Sex is not a substitute for self-esteem.

Neither is chocolate. (But I’ve had some chocolate in my day that was nearly as good as sex.)

My mother always says that God never gives you more than you can handle. I disagree. God often hands me tons more than I can handle. I keep giving it back.

Your relationship with God (as you understand Him/Her/It) is personal; it is not for anyone else to determine how or what that relationship should be.

Not everyone who professes to care for you has your best interests at heart.

Just because someone is talking louder than everyone else doesn’t mean that person is right.

Just because it was on television (or the Internet) doesn’t mean it is true or important.

Television news is primarily interested in getting ratings. Newspapers are primarily interested in attracting readership.

In this day and age, fear sells. Don’t buy it.

Advertisers work very hard to figure out what key words and phrases are appealing to the people they want to buy their product. That doesn’t mean the product is good.

Never give a customer/client the opportunity to choose something hideous. You can show them everything from your best work to an average concept, but never show them something that you’d be embarrassed to point out as your own.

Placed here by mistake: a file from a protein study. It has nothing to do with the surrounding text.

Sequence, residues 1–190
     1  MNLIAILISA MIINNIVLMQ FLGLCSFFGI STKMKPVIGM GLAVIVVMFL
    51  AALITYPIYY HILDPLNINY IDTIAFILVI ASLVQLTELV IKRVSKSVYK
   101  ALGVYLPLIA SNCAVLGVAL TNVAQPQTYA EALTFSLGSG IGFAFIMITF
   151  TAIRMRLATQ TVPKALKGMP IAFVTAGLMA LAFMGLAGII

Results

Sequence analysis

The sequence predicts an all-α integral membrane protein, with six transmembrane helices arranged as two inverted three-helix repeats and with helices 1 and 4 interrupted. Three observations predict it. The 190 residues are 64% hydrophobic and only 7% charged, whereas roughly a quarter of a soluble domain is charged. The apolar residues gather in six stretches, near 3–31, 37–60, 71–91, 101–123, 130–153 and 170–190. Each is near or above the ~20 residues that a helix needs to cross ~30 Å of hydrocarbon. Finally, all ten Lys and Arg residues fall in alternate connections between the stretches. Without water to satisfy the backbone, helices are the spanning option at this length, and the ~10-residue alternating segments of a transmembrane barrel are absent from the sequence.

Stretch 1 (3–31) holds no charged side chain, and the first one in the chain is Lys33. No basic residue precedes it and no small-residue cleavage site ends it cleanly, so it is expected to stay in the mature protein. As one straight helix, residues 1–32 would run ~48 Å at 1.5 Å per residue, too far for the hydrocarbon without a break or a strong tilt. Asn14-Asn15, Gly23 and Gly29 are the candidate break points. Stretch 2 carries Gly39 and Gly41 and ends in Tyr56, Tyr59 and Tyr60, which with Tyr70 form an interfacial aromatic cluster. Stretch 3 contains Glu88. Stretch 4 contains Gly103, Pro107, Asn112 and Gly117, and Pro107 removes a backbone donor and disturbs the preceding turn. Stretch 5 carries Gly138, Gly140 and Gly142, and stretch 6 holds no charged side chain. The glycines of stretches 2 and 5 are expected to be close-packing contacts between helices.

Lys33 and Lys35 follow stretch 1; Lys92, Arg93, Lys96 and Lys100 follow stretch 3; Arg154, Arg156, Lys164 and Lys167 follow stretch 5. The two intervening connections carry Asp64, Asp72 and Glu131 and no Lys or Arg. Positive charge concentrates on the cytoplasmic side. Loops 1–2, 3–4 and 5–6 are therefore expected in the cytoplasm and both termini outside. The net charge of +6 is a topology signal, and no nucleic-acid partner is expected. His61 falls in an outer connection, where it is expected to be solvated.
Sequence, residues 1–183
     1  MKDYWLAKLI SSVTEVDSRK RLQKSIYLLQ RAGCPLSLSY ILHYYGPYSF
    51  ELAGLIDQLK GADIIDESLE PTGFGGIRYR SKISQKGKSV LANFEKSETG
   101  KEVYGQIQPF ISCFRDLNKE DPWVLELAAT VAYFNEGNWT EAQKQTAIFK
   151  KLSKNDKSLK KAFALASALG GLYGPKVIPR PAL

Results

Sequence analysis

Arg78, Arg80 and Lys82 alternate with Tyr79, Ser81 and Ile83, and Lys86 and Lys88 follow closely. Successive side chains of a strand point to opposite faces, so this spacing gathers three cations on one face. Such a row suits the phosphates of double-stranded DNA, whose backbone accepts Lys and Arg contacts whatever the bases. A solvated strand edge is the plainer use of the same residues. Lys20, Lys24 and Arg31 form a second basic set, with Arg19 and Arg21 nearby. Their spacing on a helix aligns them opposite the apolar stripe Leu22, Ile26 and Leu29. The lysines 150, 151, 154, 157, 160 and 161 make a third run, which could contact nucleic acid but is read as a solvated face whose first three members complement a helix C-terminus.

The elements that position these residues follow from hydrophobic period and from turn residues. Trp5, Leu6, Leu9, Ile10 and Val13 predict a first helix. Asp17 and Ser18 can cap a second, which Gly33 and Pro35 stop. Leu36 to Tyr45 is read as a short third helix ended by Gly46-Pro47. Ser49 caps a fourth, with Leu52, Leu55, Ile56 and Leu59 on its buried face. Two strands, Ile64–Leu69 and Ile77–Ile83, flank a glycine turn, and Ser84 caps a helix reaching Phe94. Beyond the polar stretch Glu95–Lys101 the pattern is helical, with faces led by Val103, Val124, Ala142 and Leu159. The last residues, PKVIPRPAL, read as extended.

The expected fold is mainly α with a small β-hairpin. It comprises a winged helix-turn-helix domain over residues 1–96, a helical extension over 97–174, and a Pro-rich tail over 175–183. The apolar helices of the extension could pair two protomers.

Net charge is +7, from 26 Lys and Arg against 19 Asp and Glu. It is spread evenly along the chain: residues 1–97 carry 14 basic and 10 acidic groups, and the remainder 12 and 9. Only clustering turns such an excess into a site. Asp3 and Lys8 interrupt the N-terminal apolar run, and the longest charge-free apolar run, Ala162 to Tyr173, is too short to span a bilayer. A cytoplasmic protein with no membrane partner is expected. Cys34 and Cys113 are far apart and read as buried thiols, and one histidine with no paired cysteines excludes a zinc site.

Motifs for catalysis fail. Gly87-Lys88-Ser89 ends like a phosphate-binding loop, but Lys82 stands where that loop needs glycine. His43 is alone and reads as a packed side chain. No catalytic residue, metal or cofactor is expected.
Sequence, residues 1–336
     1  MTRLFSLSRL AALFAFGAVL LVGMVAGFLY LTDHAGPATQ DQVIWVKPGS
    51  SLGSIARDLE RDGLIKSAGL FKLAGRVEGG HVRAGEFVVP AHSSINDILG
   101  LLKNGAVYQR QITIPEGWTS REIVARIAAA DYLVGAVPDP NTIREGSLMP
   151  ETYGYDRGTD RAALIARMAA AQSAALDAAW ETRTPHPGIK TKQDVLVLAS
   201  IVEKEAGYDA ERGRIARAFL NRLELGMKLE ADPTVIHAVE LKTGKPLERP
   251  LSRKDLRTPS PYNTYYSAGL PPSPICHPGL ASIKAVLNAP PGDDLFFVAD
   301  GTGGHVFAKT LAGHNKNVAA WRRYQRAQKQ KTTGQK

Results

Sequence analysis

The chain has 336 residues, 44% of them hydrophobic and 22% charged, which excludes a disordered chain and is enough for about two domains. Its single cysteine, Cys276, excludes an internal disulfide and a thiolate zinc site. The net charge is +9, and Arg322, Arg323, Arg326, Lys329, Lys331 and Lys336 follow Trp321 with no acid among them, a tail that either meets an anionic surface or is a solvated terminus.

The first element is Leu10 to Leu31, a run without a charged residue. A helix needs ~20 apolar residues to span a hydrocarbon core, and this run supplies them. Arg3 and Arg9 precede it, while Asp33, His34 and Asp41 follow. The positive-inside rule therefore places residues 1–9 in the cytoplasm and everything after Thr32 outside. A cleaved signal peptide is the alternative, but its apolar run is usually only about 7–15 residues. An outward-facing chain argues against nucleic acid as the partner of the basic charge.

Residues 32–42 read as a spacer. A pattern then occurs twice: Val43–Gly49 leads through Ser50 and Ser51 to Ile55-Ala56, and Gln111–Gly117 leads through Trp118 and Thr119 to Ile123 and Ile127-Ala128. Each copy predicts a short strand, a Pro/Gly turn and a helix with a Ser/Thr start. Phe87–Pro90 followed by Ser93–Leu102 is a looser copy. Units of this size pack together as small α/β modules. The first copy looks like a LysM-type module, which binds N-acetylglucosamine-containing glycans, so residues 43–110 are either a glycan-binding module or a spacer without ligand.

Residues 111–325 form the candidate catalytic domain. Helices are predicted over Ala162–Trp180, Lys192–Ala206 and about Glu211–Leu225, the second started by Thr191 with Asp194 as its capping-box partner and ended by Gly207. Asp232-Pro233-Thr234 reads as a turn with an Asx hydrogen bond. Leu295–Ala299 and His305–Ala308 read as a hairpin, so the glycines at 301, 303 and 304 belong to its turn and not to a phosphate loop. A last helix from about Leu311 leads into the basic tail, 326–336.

Some clients/customers will still ask for something tacky/crappy/hideous no matter how much you try to steer them away from it. Give it to them and then let it go.

Some people never have time to do things right, but they always find time to do it over.

Creativity is not a “neat” process. If you want to be creative then you have to allow yourself to make a mess.

Learning to tidy up while you work will save you from the despair of cleaning up the whole mess at the end.

Begin before you’re ready; stop before you’re done. (Advice to doctoral students working on their dissertations which applies to messy creative people.)

Cleaning up someone else’s mess is annoying, but it’s easier than cleaning up your own stuff because you have no emotional attachment to it. This is probably why we’re all so good at solving one another’s personal problems but can’t resolve our own.